The Race Underground

The Week called “The Race Underground” (February 2014, St. Martin’s Press) one of “18 Books to Read in 2014,” while Sam Roberts in the The New York Times said “Mr. Most weaves together the egos, political hurdles and other daunting challenges in a sweeping narrative of late-19th-century intrigue.” It was named a Best Book of the Month by and The Economist raved about it! “Doug Most’s meticulously researched history reveals that getting the subways built was more a collaborative than a competitive effort.” In its starred review, Kirkus Reviews wrote: “It’s a story of blizzards and fires, accidental gas explosions and dynamite blasts, of trenches tortuously dug, of sewer and water pipes rerouted and cemeteries excavated, of political infighting, of turnstiles and ticket-taking, of ingenious solutions to staggering problems.”

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Parsons, the seal not the engineer, gets a new life

Posted on 09/15/14

sealWilliam Barclay Parsons, the brilliant engineer whose name and the company he founded, Parsons Brinckerhoff, is behind the original New York City subway, the Second Avenue Subway project, the Cape Cod Canal, the Panama Canal, and Boston’s Big Dig, to name just a few mega-projects, now has his name attached to a slightly cuter project: The rescue of a male harbor seal pup.

The National Marine Life Center just released 3 harbor seals that had been rescued after being stranded back in May. One of the pups was named “Barclay,” (that’s him above) in recognition of Parsons, who designed the Cape Cod Canal, a project that celebrated its 100th anniversary this summer. Barclay (the seal, not the man) was treated for dehydration, curious bite wounds, malnourishment and maternal separation before being released on Friday, Sept. 12. at Scusset Beach in Sandwich.


The other two seals released along with Barclay were Rose, a female that was rescued last June in New Hampshire, and Mary Arnold, rescued over the summer in Truro. There were about 100 people on hand to watch the release.

“With the recent closure of a seal hospital in Maine, the National Marine Life Center is the only federally authorized wildlife hospital open for sick and injured seals in northern New England,” Kathy Zagzebski, NMLC President & Executive Director, said upon the seals’ release. “The need is great, and public support is critical to help return these amazing and important animals to the wild.”

William Parsons himself was born in 1859, and graduated from Columbia College and Columbia’s School of Mines before going on to design some of the world’s biggest engineering projects. His first giant project was taking on the New York City subway, which had been a lifelong interest of his, and finally opened on Oct. 27, 1904, seven years after Boston opened America’s first subway in 1897. I tell his life story in great detail in “The Race Underground.”

Parsons would go on to design canals, bridges, roadways, railroad projects, and more until his death at the age of 73 in 1932.

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Fall events for Doug Most and ‘The Race Underground’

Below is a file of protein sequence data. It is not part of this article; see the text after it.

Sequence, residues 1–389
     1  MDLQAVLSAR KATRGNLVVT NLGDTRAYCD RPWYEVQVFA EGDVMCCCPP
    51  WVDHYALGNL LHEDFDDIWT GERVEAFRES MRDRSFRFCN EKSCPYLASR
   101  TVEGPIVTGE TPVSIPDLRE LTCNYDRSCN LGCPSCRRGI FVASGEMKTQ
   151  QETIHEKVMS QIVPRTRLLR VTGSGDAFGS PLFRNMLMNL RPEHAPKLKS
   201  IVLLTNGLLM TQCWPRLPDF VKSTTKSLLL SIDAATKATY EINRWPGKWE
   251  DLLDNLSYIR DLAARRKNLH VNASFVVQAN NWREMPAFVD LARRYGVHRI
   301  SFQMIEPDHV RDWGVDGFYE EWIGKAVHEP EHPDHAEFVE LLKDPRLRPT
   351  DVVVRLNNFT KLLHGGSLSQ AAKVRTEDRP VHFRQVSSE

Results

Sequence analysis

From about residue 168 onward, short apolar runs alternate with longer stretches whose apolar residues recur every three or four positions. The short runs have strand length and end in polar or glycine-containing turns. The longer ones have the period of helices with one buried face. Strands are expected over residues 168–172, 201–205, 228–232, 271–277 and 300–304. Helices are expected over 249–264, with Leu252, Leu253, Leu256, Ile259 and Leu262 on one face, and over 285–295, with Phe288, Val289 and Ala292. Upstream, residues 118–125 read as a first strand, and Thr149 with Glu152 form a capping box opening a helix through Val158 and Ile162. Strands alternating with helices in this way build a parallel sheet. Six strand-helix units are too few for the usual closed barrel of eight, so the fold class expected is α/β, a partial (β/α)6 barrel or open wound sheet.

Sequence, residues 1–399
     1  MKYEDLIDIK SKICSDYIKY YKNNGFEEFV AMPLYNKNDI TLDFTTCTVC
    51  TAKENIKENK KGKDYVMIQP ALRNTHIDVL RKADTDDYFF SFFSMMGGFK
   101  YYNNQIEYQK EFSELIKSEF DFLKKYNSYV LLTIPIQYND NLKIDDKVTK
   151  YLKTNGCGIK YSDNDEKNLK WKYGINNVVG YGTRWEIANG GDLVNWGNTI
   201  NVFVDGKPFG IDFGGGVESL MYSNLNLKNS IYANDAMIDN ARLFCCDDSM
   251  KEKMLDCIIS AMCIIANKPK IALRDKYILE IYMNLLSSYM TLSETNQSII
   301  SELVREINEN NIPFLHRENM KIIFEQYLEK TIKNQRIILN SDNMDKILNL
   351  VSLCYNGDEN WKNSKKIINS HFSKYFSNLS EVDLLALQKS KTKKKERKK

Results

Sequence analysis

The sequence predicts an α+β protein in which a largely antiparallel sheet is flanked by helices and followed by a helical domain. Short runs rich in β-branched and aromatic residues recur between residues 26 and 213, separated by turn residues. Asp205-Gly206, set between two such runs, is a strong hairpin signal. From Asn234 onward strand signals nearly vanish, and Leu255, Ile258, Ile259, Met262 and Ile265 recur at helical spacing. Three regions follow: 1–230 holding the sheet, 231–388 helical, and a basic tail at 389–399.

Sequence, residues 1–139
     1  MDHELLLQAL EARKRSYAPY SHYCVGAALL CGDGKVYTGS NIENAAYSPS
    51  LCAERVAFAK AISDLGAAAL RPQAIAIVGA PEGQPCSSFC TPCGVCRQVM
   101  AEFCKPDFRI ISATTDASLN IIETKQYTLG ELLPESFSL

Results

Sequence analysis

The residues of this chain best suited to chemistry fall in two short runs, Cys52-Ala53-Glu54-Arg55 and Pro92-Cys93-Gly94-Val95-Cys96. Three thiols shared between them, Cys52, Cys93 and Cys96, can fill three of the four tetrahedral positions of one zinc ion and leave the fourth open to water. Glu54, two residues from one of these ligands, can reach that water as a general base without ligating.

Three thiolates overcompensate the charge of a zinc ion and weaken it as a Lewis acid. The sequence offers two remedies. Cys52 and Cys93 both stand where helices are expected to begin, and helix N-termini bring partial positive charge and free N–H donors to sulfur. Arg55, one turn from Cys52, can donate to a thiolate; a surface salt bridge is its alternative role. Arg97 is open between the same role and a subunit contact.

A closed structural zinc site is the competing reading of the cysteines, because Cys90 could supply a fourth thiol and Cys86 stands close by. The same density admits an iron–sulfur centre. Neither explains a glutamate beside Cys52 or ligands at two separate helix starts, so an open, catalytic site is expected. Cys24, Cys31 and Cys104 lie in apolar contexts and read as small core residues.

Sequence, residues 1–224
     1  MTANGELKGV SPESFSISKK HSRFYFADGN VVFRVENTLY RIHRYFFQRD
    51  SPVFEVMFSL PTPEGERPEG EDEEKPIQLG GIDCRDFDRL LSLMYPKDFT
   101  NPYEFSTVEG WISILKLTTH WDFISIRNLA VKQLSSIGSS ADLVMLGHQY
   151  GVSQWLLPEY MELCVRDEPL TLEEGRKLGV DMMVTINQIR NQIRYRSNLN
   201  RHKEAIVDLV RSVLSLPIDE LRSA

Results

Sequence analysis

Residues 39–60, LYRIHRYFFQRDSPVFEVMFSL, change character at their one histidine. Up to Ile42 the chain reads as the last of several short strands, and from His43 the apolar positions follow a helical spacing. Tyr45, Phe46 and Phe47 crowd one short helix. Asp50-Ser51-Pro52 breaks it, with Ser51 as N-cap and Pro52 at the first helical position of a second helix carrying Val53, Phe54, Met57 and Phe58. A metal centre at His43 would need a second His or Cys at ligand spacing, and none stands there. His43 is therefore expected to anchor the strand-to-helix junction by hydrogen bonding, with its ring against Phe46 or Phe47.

Posted on 09/1/14

FirstTrolleysOutOfSubwaySix months ago “The Race Underground” was published by St. Martin’s Press. Amazon named it a “Best Book of the Month”, “The New York Times” and “The Economist” had really kind things to say, and I got to sit in front of 300 people with Mike Dukakis. How cool is that? It was more than 5 years of research and writing and so I am in no hurry to stop sharing the amazing story of how America’s first two subways were built after years of contentious debate. I’m thrilled to see so many great reviews on Amazon and to hear so much feedback from random readers around the country. This fall I’ll be out there, from Arlington to Boston to Newton to Newport, R.I. to Brandeis University to Framingham and to Boston again for the annual Boston Book Festival to Regis College in Weston to my old hometown in Barrington, R.I. 

Here is a more detailed list (click on “Events” above for more info), thanks for sharing and please spread the word, especially if you know anyone in the area of these events who might be interested in talking subways, inventors, American history, and the great Gilded Age.

September 3 in the evening at the Arlington Robbins Library.

September 10 at noon at the wonderful Boston Athenaeum

September 11 for a lunchtime talk at Brandeis for the Osher Lifelong Learning Institute:

September 18, 8 p.m., Mass Bay Railroad Enthusiasts at Union Church in Waban.

October 1, Framingham Public Library, with Framingham State College, 7 p.m.

October 9 at the Newport mansion, The Elms, 6 p.m., for the Preservation Society of Newport County.

October 25 at the Boston Book Festival.

November 4, Regis College in Weston, for a lunchtime talk.

December 6 at the Barrington Public Library

The Race Underground book Doug Most




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Slow-motion video of great dog jumping into lake

Posted on 07/25/14

This has nothing to do with subways, history, the Gilded Age, Boston, New York, or anything at all to do with my book, The Race Underground. It’s just a really cool slow-motion video that I shot this summer of a dog jumping off a dock into Lake Winnipesaukee. However, please do still buy my book and tell people about it. Naturally. Thanks!


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